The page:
Ohio task force collects nursing home stories to improve elder care
A new task force is collecting information about the quality of care and the quality of life provided in Ohio’s nursing homes.
The Ohio Governor’s Nursing Home Quality & Accountability Task Force is traveling across the state hosting public listening sessions. It invites nursing home residents, owners, workers and family caregivers — encouraging them to describe the quality of care and quality of life provided in the state’s nursing homes.
Tuesday, they hosted a public listening session at Sinclair Community College. But some attending say the task force is late to the party.
“I have photographs from his stay in a nursing home, violations from the state of Ohio and so far all the complaints I’ve filed, except for one — had no response — so who do we call?” Anne Holbrook’s experience with a nursing home for her father in law was frustrating. Her frustration is shared by others at the meeting.
There are more than 960 nursing homes in Ohio. About 83,000 people call them home.
Rebel Marcum’s mother has dementia and is in a nursing home. Marcum and others agree staff shortage is a major problem.
“There are times when I’ve gone in to visit her — there’s been no nurse on duty — and there’s been one aid. There are 19 people in the memory care unit. If there’s no nurse on duty, who’s giving the medication?" Marcum asked. "The whole point of having her in [a nursing home] is so I don’t have to worry about how she’s getting cared for. And I worry [24/7] if she’s getting taken care of.”
Jesse Ruffin and his wife Caroline were married for 44 years. He was her primary caregiver. "She had a brain tumor, had surgery which was successful and we went in the nursing home to get rehabilitation."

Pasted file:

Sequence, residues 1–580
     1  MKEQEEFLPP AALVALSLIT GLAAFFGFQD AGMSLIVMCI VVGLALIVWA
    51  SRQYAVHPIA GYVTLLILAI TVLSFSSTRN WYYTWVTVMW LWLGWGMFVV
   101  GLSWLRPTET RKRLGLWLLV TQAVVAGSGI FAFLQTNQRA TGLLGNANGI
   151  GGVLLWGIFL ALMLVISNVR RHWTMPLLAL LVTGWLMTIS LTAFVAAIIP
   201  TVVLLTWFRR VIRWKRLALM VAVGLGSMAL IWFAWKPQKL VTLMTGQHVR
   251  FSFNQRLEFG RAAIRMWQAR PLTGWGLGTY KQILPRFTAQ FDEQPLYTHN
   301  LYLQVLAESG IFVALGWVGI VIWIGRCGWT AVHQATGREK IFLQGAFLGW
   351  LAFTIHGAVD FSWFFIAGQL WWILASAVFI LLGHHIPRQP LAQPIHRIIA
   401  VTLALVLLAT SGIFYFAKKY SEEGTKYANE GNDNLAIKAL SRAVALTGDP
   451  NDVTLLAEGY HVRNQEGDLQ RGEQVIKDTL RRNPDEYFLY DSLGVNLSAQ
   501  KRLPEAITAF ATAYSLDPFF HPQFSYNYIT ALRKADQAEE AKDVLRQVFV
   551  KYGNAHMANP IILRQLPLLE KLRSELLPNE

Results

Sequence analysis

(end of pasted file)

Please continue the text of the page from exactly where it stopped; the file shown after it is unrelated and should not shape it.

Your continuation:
He took her to 5 different nursing homes as she recovered. All were understaffed — putting Caroline at risk.
“Somehow she ended up falling on her head. So, I decided to move in with her and be an assistant to her room only for her for 3.5 years. And I actually slept there," Ruffin explained.
Jacqueline DeGenova is a long-term care ombudsman. She said more needs to be done. “With the boomer generation aging at a pace that I think the state needs to figure out the best way to manage the needs of the population as they grow older.”
Centers for Medicare & Medicaid Services scores nursing facilities that accept their payments. The scores range between one and five stars for quality in various categories.
One equals much below average. Five equals much above average. Ohio ranks 39th in the most recent overall Quality Star Ratings.
According to Governor DeWine’s office — many of the state’s nursing facilities are inconsistent in their compliance with standards of care, being forced to repeatedly correct the same deficiencies.
Andrea Long’s 80-year-old mother has dementia and lives in a nursing home. Long said she has to closely monitor her care.
“They thought they were going to keep her doped up, they gave her the wrong prescription. Instead of once a day, they were giving it to her three times a day. So every time I went in there she was sitting there, just out of it, sleeping," Long recalled. "They’ve been so short staffed, every time my sister and I visit her– she’s either wet or all messy.”
Meanwhile, Long applauds the Task Force for hosting the public meeting — calling it empowering. “Picking up a few key words that will help me in my journey — as far as what’s legal and what’s not as far as how they treat my mom. Gaining a lot of knowledge.”
DeGenova admitted many of the state’s nursing homes will benefit from new initiatives. Until then, she encourages family to stay connected.
"In caring for parents and finding a nursing home, be involved as much as you can," DeGenova said. "Have a regular presence and guiding their care through their needs is what we hear does the best for loved ones and friends."
For the next few months, the task force will travel across the state hosting public meetings. It’ll compile into a report — personal stories, incidents and other information for Governor Mike DeWine.